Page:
The 4 Shifts Protocol (formerly known as trudacot), a discussion protocol intended to help facilitate educator conversations about deeper learning, greater student agency, more authentic work, and rich technology infusion! The 4 Shifts Protocol is being used by teachers, principals, instructional coaches, and technology integrationists all over the world to make lessons, units, and instructional activities richer, more robust, and more relevant for the global innovation society in which we now live.
Free, online training center powered by Google to support teachers in the trenches.
This tailored curriculum provides instructional coaches with tools and strategies that support their 1:1 interactions with educators.
CS First provides free, easy-to-use computer science enrichment materials that engage a diverse student population in grades 4-8 (ages 9-14). Facilitators use the video content to teach kids coding basics with Scratch, a block-based coding tool.
On September 30, 2020, the Cybersecurity and Infrastructure Security Agency (CISA) and the Multi-State Information Sharing and Analysis Center released a joint Ransomware Guide, which is a customer centered, one-stop resource with best practices and ways to prevent, protect and/or respond to a ransomware attack.
The STOP.THINK.CONNECT.™ Campaign is a national public awareness campaign aimed at increasing the understanding of cyber threats and empowering the American public to be safer and more secure online.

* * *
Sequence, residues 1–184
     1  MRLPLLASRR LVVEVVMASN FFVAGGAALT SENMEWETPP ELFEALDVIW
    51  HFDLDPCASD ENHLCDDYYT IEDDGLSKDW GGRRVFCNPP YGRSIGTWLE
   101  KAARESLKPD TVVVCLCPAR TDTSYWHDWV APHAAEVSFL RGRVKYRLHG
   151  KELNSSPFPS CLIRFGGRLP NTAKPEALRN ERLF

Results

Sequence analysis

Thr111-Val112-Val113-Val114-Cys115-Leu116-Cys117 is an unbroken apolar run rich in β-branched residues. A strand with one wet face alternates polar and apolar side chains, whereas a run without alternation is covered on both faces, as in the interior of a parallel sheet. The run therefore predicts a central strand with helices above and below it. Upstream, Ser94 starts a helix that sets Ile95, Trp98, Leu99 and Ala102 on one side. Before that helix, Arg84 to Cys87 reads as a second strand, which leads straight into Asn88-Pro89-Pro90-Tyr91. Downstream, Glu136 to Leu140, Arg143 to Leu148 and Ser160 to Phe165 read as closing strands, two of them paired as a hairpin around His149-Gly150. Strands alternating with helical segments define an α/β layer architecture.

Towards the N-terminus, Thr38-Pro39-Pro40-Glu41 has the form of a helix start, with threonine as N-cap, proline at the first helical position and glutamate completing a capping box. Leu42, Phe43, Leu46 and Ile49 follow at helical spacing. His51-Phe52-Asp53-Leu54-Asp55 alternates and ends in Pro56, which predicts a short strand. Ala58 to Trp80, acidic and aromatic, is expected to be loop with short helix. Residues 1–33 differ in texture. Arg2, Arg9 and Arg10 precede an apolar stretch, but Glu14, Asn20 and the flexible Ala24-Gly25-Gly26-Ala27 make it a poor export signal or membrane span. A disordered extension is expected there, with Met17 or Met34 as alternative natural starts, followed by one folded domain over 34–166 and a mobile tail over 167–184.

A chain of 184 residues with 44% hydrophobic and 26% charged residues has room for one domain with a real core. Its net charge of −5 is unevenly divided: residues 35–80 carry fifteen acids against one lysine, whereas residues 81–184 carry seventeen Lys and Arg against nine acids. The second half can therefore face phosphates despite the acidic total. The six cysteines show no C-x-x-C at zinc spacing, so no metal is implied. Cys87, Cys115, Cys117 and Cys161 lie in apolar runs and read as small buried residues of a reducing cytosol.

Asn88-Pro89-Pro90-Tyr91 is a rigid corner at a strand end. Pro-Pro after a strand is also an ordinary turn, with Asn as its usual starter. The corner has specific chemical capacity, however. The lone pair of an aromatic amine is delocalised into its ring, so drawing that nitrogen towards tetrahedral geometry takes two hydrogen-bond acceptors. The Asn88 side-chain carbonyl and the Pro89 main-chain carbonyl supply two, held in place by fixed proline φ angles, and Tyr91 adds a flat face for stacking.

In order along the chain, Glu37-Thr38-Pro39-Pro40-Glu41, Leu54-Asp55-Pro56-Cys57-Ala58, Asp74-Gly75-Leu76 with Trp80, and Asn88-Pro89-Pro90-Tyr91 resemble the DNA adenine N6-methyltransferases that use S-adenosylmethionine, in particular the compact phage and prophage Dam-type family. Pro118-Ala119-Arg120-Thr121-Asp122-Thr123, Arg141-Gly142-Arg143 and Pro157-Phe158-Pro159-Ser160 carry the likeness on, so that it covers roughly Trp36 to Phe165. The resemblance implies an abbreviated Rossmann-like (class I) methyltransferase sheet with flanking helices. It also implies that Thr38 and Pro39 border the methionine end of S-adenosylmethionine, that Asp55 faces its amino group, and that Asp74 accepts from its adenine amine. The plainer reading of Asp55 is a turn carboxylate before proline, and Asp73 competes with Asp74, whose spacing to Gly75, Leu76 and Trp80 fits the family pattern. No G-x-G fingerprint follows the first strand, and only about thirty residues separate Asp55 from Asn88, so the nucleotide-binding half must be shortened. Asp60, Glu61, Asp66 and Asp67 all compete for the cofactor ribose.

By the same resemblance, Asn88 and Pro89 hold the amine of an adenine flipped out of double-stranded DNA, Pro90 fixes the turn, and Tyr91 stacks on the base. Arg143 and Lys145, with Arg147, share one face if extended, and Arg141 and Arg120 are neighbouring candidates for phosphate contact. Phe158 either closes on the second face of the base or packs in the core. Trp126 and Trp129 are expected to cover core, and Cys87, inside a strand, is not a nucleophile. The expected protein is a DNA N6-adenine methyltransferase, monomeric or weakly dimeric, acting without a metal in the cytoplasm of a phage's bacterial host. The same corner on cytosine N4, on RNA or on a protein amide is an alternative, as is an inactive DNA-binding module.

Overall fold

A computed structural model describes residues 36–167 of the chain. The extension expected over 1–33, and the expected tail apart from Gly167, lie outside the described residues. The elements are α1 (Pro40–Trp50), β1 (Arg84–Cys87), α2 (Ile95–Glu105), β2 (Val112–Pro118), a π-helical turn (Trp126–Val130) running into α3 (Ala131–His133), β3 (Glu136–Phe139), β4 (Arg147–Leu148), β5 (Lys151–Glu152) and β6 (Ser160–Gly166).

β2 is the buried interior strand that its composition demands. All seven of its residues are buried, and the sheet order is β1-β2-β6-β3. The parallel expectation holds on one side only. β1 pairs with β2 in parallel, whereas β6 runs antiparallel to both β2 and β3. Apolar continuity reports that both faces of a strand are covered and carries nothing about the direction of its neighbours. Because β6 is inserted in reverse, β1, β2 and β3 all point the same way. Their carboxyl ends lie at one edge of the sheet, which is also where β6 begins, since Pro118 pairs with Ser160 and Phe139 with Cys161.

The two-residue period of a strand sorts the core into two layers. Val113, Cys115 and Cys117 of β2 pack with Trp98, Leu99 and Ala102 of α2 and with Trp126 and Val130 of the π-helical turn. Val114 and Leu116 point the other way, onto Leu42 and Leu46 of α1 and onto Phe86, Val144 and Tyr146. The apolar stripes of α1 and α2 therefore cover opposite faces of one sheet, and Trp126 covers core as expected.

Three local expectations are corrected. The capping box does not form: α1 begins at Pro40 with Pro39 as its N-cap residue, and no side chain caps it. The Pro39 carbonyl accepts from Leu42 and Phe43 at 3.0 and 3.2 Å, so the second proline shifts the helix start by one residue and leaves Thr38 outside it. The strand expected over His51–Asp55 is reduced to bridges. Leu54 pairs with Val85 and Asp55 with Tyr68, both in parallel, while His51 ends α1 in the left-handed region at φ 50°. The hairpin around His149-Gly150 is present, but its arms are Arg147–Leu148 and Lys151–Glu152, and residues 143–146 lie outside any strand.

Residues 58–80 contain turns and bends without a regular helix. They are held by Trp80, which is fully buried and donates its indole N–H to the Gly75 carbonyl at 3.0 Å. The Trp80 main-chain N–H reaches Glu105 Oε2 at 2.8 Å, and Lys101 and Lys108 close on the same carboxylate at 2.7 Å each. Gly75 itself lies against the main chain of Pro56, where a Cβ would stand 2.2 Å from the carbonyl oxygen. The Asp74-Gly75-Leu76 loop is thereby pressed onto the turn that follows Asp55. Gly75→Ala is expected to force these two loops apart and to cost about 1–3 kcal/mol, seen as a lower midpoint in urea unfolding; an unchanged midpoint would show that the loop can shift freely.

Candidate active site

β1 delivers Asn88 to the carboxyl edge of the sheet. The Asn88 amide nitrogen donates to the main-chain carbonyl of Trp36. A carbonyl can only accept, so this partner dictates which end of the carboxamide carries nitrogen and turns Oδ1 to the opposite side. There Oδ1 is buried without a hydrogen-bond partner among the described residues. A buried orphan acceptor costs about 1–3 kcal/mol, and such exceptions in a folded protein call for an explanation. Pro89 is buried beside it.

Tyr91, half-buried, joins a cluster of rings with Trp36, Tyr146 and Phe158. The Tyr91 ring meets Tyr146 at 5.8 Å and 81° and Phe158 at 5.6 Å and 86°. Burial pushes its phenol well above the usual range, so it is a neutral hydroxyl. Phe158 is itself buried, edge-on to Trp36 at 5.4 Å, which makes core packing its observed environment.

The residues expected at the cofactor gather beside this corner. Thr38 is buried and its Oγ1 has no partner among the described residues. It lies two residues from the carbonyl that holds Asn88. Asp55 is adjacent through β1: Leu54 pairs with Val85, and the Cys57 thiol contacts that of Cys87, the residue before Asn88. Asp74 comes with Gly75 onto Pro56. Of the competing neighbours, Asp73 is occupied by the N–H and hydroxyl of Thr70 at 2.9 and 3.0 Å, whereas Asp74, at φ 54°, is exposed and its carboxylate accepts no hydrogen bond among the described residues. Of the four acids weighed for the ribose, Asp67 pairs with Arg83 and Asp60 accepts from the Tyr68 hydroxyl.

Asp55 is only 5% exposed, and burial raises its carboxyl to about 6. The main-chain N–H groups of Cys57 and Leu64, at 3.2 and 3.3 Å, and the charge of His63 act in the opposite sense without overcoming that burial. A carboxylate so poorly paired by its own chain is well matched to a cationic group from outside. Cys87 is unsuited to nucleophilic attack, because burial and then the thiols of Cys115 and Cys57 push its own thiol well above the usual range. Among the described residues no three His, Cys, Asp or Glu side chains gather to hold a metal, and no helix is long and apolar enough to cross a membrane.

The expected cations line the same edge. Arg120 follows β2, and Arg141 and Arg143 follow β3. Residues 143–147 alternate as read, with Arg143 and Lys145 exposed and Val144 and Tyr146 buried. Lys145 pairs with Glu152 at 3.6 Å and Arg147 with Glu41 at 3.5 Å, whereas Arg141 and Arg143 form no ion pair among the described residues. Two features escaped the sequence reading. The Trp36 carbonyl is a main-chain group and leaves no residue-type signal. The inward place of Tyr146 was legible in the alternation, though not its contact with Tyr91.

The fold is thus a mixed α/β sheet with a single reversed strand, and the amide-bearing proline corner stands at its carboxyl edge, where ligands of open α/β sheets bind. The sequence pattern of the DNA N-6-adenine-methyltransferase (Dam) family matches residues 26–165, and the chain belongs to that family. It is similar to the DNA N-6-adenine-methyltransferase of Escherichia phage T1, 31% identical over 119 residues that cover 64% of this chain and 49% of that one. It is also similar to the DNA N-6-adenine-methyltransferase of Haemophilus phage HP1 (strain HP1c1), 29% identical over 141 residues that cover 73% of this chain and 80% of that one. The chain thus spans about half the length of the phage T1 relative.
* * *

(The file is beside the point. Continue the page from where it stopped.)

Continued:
The DHS Cybersecurity Education Training Assistance Program (CETAP) equips K-12 teachers with cybersecurity curricula and education tools. This resource includes project-driven Curricula (e.g., lesson plans, assessments); programs (e.g., hands-on cybersecurity learning activities for middle-school and high-school students); and Student Resources for students, parents, and activity leaders looking to enhance students’ awareness of STEM, computer science, and cyber topics.
Published in December 2020, this report by the Cybersecurity and Infrastructure Security Agency (CISA) details how cyber actors are targeting school computer systems, slowing access, and rendering the systems inaccessible to basic functions, including remote learning. In some instances, ransomware actors stole and threatened to leak confidential student data unless institutions paid a ransom.
Recommendations for schools as they use videoconferencing apps developed by the Cybersecurity & Infrastructure Security Agency (CISA).
Project-based curriculum for computer science, engineering, and biomedical science courses.